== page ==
Does it deliver?
I did a few tests with the Sony A7R III. The workflow was always the following: I took pictures with identical settings, the camera mounted on a tripod, first the ‘regular’ shot, then the ‘pixel shifting’ shot. Images were exported to a JPEG, with maximum quality, using the Sony Imaging Edge software and default settings. It’s also that tool that will combine the four shots into one. Then I compared the images in Adobe Photoshop on a 4K calibrated monitor.
At this moment the Sony Imaging Edge software is the only tool to combine the four images. I guess we will see other companies implementing this in the (near) future in their RAW conversion tools.
The first shot was a piece of marble. When compared at 100% (the first picture below, you can click on all the following pictures to view them in full size) you can notice that there is more information and better information in the PSMS (pixel shifting multi-shot) image at the right. When going to 200% (the second picture below), the difference becomes very clear. The histogram of the regular shot shows a dent in some curves, while the PSMS doesn’t. This shows the effect of the demosaicing procedure.
The second shot is a piece of art, a screen print, with very vibrant yellow and blue colors. Here, once again the 100% comparison already shows differences, when going to 200% it becomes very clear. This picture even has a ‘3D like’ structure to it. The histogram shows that the colors are more vibrant in the PSMS, which can be a plus for people making reproductions of artwork.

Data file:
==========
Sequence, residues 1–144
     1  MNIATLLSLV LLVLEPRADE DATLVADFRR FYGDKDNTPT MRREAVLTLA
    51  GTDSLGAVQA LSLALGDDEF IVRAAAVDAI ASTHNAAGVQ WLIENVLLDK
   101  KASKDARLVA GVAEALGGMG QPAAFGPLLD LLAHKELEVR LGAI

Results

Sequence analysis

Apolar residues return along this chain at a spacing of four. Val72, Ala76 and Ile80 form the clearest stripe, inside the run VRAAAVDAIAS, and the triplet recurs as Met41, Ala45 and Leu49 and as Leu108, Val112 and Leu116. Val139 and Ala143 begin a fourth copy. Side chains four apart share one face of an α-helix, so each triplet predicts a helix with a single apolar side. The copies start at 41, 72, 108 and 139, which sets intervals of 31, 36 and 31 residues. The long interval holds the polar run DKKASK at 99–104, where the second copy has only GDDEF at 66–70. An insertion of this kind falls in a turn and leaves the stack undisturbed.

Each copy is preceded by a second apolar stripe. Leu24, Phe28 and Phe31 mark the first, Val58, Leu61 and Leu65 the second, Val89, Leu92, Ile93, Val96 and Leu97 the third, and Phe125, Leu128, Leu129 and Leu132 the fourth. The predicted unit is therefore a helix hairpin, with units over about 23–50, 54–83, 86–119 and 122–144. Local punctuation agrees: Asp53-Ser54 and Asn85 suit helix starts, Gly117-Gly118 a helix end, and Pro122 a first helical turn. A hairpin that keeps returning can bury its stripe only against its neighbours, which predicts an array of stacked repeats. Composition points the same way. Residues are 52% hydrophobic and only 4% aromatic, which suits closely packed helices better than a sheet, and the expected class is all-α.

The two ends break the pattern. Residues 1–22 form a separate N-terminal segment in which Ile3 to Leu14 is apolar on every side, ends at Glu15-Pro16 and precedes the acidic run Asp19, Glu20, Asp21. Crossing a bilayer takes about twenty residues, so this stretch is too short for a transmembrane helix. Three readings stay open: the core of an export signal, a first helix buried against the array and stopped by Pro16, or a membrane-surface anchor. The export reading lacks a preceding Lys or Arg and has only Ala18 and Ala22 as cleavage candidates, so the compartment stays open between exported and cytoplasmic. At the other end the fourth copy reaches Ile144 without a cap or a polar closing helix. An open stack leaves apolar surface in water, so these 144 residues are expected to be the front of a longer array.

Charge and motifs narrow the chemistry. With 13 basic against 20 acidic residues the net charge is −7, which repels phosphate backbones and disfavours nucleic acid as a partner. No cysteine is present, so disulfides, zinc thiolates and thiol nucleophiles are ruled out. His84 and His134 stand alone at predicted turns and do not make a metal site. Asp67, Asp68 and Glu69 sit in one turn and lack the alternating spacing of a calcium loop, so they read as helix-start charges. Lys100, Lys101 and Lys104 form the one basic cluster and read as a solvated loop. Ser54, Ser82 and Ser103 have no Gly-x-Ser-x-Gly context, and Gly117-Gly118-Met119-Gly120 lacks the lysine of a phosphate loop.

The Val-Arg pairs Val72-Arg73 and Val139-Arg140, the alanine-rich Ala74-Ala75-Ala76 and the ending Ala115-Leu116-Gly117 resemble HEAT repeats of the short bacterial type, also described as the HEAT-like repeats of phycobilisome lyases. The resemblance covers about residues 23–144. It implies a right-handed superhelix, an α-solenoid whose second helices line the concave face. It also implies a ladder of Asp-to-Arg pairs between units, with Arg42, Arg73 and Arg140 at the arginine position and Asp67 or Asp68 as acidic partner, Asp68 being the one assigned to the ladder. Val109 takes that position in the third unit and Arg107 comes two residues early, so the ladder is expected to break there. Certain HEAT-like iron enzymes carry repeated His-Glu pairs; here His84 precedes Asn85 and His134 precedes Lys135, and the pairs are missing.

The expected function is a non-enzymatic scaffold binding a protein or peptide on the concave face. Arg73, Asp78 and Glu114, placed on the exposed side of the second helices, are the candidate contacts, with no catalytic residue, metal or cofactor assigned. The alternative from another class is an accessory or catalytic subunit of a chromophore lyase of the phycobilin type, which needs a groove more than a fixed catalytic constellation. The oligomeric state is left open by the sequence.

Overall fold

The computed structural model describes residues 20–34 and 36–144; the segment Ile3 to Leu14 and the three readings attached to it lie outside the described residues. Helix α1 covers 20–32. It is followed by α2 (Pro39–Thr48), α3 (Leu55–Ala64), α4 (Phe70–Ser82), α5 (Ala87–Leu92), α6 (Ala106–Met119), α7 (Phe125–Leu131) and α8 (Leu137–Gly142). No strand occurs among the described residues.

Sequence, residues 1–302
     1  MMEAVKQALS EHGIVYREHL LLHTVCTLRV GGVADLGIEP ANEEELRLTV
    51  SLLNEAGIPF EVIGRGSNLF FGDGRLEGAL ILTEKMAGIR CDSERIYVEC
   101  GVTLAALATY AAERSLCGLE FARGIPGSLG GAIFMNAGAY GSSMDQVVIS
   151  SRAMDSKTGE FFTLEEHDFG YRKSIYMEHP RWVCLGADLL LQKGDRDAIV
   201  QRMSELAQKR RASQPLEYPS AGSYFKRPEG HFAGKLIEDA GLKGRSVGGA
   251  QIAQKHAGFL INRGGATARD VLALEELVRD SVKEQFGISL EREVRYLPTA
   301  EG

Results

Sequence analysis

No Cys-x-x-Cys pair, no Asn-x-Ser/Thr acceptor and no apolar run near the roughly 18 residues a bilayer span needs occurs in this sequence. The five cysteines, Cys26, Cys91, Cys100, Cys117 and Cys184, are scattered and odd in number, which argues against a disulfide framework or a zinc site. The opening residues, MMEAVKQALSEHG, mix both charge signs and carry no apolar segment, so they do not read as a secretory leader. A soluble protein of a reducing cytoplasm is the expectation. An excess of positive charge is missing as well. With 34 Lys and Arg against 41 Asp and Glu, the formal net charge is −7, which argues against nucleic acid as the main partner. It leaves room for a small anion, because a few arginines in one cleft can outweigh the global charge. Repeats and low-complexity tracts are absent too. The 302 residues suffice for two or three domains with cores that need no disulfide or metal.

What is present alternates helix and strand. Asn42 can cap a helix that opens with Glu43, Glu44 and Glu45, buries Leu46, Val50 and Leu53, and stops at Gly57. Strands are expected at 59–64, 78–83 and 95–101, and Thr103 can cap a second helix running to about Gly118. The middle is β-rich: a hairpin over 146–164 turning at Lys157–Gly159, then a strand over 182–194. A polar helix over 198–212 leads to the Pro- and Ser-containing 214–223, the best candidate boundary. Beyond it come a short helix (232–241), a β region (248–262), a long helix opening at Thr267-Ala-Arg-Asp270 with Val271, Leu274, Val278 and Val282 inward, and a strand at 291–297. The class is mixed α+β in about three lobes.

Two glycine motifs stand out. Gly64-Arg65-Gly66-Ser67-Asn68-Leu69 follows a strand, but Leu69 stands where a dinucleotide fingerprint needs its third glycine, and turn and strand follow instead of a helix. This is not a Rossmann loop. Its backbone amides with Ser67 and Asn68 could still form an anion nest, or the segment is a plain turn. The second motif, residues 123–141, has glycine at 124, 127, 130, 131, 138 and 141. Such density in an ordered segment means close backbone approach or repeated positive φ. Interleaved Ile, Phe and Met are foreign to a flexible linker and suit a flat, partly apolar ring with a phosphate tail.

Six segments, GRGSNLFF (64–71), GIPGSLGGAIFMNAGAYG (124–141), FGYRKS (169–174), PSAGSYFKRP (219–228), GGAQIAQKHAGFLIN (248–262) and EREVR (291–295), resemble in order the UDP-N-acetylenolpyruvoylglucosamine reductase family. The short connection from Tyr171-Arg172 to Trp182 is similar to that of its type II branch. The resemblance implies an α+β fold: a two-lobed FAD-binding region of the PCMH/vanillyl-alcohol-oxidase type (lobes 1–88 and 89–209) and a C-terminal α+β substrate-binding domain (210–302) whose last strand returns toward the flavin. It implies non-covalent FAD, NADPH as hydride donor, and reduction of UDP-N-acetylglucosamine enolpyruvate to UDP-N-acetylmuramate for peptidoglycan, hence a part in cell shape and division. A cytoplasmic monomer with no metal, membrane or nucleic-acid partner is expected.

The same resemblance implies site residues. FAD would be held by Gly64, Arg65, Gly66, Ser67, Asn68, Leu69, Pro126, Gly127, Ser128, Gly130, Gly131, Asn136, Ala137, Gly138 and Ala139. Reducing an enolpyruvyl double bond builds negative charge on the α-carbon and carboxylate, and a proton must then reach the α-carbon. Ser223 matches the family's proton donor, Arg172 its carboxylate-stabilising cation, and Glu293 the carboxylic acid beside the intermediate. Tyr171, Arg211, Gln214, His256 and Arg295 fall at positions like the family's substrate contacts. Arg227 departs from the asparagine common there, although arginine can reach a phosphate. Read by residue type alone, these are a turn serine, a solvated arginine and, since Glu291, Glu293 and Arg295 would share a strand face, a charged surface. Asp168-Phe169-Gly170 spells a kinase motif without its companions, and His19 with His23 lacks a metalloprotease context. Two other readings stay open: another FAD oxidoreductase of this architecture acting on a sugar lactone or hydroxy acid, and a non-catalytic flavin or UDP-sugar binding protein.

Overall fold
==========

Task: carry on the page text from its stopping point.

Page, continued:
The third shot is of fabric: wool. Also here the story is the same: there is more, better detail (image below at 200%).
How much more information?
Now the big question is of course how much more information does the PSMS capture? To get an idea, I did the following: I downsampled the three PSMS images to a certain degree and then upsampled them again to the original size, using Adobe Photoshop and the default settings.
When downsampling the art image to 25% of the original size (3976 x 2652 pixels) and then upsampling it again to the original size (7952 x 5304 pixels), it seems to me that it still has more detail than the regular image. That’s amazing!
With the other images, it depends: the marble seems a bit better (especially the color quality is still better). The fabric looks a bit too contrasty, but the detail seems at least at the same level as the regular image.
So how should we interpret this? You could say that – at least in some situations – you get four times as much information, so comparable to a 168-megapixel Bayer-sensor. But you could also say that now that we’ve ditched the AA-filter and circumvented the mosaicing, we are – finally – getting the full resolution of the sensor, in the case of the A7R III: 42 megapixels…
Should you use this?